TeleHealth in diabetes, bronchitis & heart failureDiabetes (Farmer et al SR, 2005): – Slight reduction of HbA1C by 0.1% (95% CI -0.4% to 0.04%) – Use of services no different or increased with telehealthBronchitis (Polisena et al SR, 2010): – Mortality may be greater in telephone-support group (RR = 1.2; 95% CI 0.84 to 1.75) – Reduced hospitalization and A&E visits, but impact on hospital bed days variedHeart failure (Inglis et al, CDSR 2010): – Reduced mortality by 44% (RR 0.66, CI 0.54-0.81, p < 0.001) – Reduced CHF-related admissions by 23% (RR 0.77) – However, recent large RCT negative (Chaudry NEJMed, Dec 2010)
The evidence base for digital healthcare ? Quality Safety Prevention Productivity Electronic records + ++ ++ +/- Phone consultations ++ +/- - ++ Email, SMS + +/- - +/- Decision support +++ ++ ++ ++ Telemedicine + + - + Remote monitoring +/- - - + Serious games + + + +/- Virtual reality + + +/- +Importance of context:• Setting: community, primary, secondary care• Users: nurses, doctors, therapists, the patient• Care groups – age, disease, severity…• Other benefits: improved patient access, education
Case study: decision support systems“A knowledge-rich system that processes two or moreitems of patient data to generate encounter-specificadvice or interpretation” Wyatt & Spiegelhalter, 1991Used to generate: Advice about diagnosis Prescribing alerts & reminders Interpretation of lab test results…
New errors introduced by DSS Inappropriate drug form selected for route – e.g. capsules for IV administration Inappropriate product selected Incorrect dose, frequency, formulation from dropdown menu Inappropriate selection of default doses Missed drug allergies / high severity interactions – high override rate Duplicate orders – system could not distinguish regular, one off & PRN orders Failure to stop drugs that are no longer required Increased drug monitoring errors – eg. fail to include diluents if CV line not selected
Reasons for negative ACORN trial ACORN was too slow (1986 !) so advice given too late Nurses not empowered to act on advice Cardiac care unit always full ACORN also used in 15% of controls Patients, not nurses, randomised – learning effect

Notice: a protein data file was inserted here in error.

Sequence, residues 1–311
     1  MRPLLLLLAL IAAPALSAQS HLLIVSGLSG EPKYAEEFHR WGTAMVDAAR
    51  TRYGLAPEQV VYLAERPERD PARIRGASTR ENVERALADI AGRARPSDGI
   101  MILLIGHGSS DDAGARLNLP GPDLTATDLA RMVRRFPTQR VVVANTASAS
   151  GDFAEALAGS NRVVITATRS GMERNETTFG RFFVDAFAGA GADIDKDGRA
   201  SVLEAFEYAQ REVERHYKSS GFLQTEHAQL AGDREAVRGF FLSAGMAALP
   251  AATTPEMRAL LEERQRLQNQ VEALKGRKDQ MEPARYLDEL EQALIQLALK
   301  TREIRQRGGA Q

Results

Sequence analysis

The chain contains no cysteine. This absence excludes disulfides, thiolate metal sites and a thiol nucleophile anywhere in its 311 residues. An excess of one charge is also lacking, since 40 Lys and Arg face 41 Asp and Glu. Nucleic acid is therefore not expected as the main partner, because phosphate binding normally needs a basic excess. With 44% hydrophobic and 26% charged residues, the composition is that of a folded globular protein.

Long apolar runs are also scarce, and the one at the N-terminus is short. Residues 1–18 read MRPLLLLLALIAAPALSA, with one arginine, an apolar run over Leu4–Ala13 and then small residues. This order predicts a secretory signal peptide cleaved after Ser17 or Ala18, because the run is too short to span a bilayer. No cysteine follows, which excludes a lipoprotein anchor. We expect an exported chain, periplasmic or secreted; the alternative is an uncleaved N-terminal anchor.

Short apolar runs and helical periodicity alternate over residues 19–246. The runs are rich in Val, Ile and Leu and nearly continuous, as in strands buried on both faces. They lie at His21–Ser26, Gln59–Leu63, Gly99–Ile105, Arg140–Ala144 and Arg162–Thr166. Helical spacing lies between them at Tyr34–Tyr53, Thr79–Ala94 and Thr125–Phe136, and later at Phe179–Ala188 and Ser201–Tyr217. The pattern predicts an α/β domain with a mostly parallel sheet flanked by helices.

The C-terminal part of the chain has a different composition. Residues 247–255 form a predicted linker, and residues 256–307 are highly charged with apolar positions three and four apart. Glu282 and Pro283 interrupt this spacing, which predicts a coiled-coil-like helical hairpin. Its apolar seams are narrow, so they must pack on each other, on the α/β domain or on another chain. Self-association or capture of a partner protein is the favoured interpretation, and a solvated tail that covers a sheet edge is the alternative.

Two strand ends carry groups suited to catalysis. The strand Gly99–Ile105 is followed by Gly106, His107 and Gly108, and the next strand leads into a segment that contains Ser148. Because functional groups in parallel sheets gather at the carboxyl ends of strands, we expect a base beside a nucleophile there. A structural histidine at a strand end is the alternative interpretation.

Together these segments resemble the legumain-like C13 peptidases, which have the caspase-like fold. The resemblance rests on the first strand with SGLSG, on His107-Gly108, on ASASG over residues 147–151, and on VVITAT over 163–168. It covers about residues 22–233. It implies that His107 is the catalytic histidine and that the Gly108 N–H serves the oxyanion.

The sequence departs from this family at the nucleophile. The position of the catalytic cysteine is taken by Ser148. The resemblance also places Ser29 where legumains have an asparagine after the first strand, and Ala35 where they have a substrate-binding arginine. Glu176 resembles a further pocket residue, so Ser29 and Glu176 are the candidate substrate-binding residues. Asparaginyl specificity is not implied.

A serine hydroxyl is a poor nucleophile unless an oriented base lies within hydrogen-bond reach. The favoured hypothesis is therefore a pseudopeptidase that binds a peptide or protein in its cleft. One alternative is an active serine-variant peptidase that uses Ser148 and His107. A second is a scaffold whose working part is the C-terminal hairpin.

When do decision support systems work ? Success rates across trialsTarget clinical practice Clinical practice Patient outcomesDiagnosis 40% 4/10 0% 0/5Disease management 62% 23/37 18% 5/27Single drug prescribing, 62% 15/24 11% 2/18dosingPrevention 76% 16/21 0% 0/1Multi-drug prescribing 80% 4/5 0% 0/4Overall 64% 62/97 13% 7/52 Garg et al, JAMA 2005, 293: 1223-38
Home-grown vs commercial systems Commercial: 96% reduction to 26% increase (NS) Home grown: strong effect 99% to 16% reduction (p<0.05)Ammenwerth E, et al. JAMIA 2008;15(5):585-600.
Cost effectiveness of DSS to adviseon warfarin dosage Clinically effective & promote safety: trials show 3- 13% increase in patient time within therapeutic range Very cost effective: incremental cost effectiveness ratio £2200 per quality adjusted life year (NICE technology appraisal 2005)
Conclusions1. Technology can harm as well as help2. Evidence is often context sensitive3. Some evidence of effectiveness, little on cost effectiveness / savings4. The wrong kind of evaluation studies (eg. Chaudry) can mislead5. Working with EU Commission to improve design of evaluation studies in Framework 7/8 projects6. IDH will be publishing evidence reviews on selected technologies over next few months